Prairie Profiles: Dacoda Malakowsky

Published 9:20 am Tuesday, December 2, 2008

There are times when Amanda Malakowsky wonders how her son could have a rare disease, yet still have so much energy.

“I think sometimes the doctors even wonder,” she said.

Looking at him, 2 1/2-year-old Dacoda Malakowsky appears to be every bit the all-American boy, with his blond hair, blue eyes and dimples.

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But on Father’s Day of this year, Dacoda was running a fever and had no appetite.

“For a little boy who loves mashed potatoes, we knew something was wrong,” his mother said.

A trip to Albert Lea Medical Center’s showed he had pneumonia. He was taken by ambulance from Albert Lea Medical Center to St. Marys Hospital in Rochester for further testing. On June 17, doctors there discovered he had Epstein Barr virus, commonly known as mononeucleosis.

The doctors also said a test for leukemia was in order. While the bone marrow biopsy ruled out leukemia, it did reveal Myelodysplastic Syndrome Monosomy 7, a pre-leukemia, on June 20. The only cure for the rare blood disease is a bone marrow transplant.

While he was in the hospital, Dacoda needed three blood transfusions and his spleen was so large that doctors considered taking it out, his mother said.

He was released from the hospital on June 25, but doctors continued to monitor his blood and spleen, which started to decrease in size.

As the family was getting ready to go to the Farm & City Days Parade in New Richland on July 12, Dacoda suffered a seizure. Paramedics found he had a fever of 103 degrees and had suffered a febrile seizure. Because Dacoda’s doctors were in Rochester, he was sent there. The family returned home about midnight, his mother added.

“My goal is to keep him from having another seizure,” she said. “It was really freaky.”

While family members were tested as possible bone marrow donors, they were not matches. On Nov. 5, through a registry, a donor was found. Dacoda will have a central line put in on Dec. 29 along with another bone marrow biopsy to make sure the disease has not progressed to leukemia.

If all goes well, he will start two days of chemotherapy on Jan. 9 or 10. This will be followed by three days of complete body radiation starting on Jan. 12. The bone marrow transplant will be Jan. 15 or 16.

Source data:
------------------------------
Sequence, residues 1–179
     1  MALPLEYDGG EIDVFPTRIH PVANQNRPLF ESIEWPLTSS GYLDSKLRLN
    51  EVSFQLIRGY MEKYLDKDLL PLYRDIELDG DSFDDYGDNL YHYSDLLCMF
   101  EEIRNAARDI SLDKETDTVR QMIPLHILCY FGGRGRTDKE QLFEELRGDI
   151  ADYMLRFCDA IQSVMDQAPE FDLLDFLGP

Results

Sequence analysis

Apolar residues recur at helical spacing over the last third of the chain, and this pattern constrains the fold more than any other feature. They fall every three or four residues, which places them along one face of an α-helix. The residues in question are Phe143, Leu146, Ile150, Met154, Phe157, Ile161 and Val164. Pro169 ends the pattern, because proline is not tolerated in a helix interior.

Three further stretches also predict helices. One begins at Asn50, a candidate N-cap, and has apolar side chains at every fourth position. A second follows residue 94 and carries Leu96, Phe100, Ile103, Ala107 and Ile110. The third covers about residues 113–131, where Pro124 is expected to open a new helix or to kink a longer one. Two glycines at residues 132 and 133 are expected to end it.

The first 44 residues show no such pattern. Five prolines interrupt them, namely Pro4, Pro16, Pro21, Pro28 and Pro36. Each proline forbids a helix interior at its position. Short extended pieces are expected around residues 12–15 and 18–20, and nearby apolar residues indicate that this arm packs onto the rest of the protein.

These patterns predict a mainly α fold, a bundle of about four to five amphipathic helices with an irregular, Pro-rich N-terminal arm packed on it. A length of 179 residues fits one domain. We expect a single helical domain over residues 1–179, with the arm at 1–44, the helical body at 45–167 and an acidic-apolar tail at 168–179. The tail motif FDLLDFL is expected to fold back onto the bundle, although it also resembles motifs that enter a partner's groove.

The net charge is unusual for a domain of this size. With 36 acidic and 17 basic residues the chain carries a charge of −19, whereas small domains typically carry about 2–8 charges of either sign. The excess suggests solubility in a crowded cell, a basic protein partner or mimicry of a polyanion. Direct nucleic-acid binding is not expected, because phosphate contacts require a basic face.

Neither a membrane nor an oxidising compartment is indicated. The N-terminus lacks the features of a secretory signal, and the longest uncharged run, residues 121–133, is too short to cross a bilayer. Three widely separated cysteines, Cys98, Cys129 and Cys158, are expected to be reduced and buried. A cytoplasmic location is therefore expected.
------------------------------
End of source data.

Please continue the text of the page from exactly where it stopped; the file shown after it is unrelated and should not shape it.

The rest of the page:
Doctors will be able to tell if the new bone marrow is working about 21 days after the transplant.

If all goes well, he is expected to be in the hospital for about 30 days after the transplant. From there, the family will stay at the Ronald McDonald House.

“He is most critical to day 100, and we may be in Rochester than long from transplant day,” Amanda said. “Hopefully, he’ll be home for his third birthday on May 10.”

It’s been stressful for the family.

“Tiara has worried about him a lot,” Amanda said of Dacoda’s sister. “For David and me, we’ve kept so busy we don’t have much time to think about it.”

The whole ordeal has taken its toll on the family not only emotionally, but financially as well. A benefit has been scheduled for Dacoda on Sunday from 7 a.m. to 1 p.m. in the New Richland City Hall.

Age: 2 1/2

Residence: 31955 660th Ave., Hartland

Livelihood: Toddler

Family: Parents David and Amanda Malakowsky; sister, Tiara, 6; and brother, Tylar, almost 5.

Interesting fact: Dacoda likes riding in the tractor with his dad and in the grain-hauling truck with his mom.

The New Richland Lions will be making pancakes. There will be supplemental funds by Thrivent Financial for Lutherans. There will also be a silent auction.

Some of the items donated include Minnesota Wild tickets, an autographed photo of Viking Adrian Peterson, signed photos and shirt from “Extreme Makeover: Home Edition,” gift certificates, prints, homemade candles, shirts and jams and jellies.